Another week and the decline in Chicago Board of Trade futures continues. As we suggested last week, the next target to the downside would be 468 US cents a bushel on the July contract, and that was hit in trade on Friday night last week.
With the July contract nearing expiry, the nearby contract has moved to September, where 475 USc/bu was the next downside target. Having now hit that point the next target becomes 460 USc/bu, which is the September low from last year on the long term continuous chart.
Wheat fell victim to ongoing selling in corn at the end of last week. In fact, the funds are holding near record sold positions in the corn market, so selling shifted over to wheat where more general grain shorts could be put in place with a lower risk than continuing to simply sell corn.
We are also seeing a traditional harvest pressure influence come into United States wheat futures. The early part of the harvest has cleared out the lower yielding and more drought prone regions of the US southern plains. Harvest is moving further north and quality, including protein levels, is improving.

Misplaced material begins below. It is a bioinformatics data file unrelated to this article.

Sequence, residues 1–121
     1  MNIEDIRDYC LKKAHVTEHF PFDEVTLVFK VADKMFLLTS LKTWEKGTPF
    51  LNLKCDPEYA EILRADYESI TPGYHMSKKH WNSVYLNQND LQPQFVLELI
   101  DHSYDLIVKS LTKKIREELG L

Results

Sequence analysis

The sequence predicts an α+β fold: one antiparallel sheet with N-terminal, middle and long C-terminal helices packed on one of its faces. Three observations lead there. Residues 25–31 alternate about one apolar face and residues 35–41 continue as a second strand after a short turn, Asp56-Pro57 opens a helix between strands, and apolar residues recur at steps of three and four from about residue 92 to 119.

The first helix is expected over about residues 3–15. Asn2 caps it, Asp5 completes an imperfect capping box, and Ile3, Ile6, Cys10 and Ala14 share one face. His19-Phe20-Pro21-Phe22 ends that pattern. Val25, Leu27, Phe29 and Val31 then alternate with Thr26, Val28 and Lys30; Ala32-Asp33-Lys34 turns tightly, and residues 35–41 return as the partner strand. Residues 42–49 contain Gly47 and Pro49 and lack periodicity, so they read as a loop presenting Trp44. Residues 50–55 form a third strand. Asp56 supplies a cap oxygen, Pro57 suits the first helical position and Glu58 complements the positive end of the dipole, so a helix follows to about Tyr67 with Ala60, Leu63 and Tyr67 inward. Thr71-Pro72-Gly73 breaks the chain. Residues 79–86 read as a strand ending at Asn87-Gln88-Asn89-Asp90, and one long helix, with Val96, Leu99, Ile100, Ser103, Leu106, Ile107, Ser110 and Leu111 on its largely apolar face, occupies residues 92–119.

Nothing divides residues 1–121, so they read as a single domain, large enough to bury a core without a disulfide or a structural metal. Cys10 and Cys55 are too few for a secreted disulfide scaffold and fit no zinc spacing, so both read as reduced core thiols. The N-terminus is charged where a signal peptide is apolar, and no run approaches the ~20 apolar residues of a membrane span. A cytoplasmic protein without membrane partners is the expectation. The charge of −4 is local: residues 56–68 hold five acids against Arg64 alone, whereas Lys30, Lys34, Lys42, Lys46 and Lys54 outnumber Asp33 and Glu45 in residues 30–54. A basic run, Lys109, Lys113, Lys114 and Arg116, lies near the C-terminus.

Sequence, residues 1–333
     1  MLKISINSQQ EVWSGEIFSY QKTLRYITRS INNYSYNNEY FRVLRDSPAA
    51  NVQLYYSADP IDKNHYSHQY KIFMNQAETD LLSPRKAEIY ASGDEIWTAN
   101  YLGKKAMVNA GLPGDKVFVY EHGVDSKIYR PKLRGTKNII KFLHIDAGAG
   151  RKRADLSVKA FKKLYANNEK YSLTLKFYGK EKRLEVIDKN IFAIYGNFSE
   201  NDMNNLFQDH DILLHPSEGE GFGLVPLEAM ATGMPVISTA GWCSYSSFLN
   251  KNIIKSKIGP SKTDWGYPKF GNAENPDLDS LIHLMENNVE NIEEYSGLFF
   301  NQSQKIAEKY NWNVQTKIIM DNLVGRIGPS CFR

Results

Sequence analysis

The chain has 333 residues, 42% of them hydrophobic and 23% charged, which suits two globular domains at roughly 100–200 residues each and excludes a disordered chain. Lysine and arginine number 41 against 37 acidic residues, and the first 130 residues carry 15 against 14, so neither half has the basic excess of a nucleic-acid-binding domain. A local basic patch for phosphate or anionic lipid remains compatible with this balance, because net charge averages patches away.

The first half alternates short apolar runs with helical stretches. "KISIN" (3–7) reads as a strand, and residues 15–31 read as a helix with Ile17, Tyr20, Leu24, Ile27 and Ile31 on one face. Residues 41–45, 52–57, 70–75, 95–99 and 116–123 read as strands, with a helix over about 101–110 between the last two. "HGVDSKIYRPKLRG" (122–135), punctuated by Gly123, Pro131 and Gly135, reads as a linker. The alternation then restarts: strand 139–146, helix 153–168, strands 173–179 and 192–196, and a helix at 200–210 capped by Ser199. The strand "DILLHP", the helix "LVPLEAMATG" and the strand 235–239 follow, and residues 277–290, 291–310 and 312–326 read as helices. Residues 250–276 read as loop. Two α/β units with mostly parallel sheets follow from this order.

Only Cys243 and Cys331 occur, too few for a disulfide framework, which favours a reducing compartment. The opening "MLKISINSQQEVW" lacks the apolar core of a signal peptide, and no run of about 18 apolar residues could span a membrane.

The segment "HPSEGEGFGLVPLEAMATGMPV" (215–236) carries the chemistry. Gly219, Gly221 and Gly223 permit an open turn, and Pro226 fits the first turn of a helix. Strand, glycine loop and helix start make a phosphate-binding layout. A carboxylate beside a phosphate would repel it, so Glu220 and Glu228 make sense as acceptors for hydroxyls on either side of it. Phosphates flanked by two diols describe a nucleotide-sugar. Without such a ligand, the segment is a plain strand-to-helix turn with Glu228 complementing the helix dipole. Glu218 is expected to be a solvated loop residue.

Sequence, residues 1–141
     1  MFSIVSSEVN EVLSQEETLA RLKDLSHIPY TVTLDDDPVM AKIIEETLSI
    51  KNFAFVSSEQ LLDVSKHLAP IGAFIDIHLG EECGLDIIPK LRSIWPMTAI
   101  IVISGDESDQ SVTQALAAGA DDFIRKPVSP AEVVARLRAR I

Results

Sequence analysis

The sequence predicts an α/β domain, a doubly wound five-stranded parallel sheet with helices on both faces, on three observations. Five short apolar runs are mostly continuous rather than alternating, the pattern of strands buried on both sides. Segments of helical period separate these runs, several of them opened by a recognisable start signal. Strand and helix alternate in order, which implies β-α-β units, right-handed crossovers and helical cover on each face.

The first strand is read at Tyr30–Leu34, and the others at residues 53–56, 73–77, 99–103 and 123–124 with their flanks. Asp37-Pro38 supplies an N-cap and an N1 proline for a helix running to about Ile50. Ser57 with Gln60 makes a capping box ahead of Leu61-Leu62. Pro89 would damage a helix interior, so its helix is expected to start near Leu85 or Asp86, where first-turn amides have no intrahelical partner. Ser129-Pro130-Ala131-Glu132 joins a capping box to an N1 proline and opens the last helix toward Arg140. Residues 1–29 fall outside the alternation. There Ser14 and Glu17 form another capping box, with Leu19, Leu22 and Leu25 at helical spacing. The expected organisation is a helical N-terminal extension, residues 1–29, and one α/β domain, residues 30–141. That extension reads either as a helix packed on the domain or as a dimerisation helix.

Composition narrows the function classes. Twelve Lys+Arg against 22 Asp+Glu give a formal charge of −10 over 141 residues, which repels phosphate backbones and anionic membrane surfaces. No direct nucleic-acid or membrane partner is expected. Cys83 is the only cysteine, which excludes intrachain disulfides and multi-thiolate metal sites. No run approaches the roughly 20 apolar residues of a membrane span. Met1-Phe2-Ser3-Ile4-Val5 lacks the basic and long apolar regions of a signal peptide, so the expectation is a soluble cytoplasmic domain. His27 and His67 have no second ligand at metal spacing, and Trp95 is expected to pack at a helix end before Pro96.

We are also starting to see harvest pressure coming from Europe, along with better seasonal conditions to finish off some of their crops.
The way the market is heading, it will end up being quite a remarkable year for prices. One where despite multiple seasonal issues across all growing regions from North America, to mainland Europe (and the UK) and into the Black Sea, the global crop will make a new record, and where the market has been able to shake off the bad news.
In some respects it is nice to be back like the old days, where CBOT future peaked in our autumn (anytime from the end of January to the end of April), and then predictably fell into the mid-year period under northern hemisphere harvest pressure.
We would often get a triple bottom, often starting in late May, revisiting in late June and having a final test in late July. Then we would have the predictable rally into our harvest period.
For a few years that pattern was predictable and tradable, until it wasn't! More recently the pattern has seen a mid-year price spike, peaking often about now, or into July. That was also becoming predictable and tradable, until it wasn't!
My best bet will be for a recovery in prices into the end of the year. At current $A values of $A255 a tonne, too many of the world's wheat producers have become unprofitable, none more so than in the US. It's not going to be that lucrative in Australia at average yields either.
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